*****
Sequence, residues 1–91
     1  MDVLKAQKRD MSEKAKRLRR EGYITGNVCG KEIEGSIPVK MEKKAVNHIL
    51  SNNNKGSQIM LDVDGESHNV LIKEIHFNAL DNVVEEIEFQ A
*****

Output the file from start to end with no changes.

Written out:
Sequence, residues 1–91
     1  MDVLKAQKRD MSEKAKRLRR EGYITGNVCG KEIEGSIPVK MEKKAVNHIL
    51  SNNNKGSQIM LDVDGESHNV LIKEIHFNAL DNVVEEIEFQ A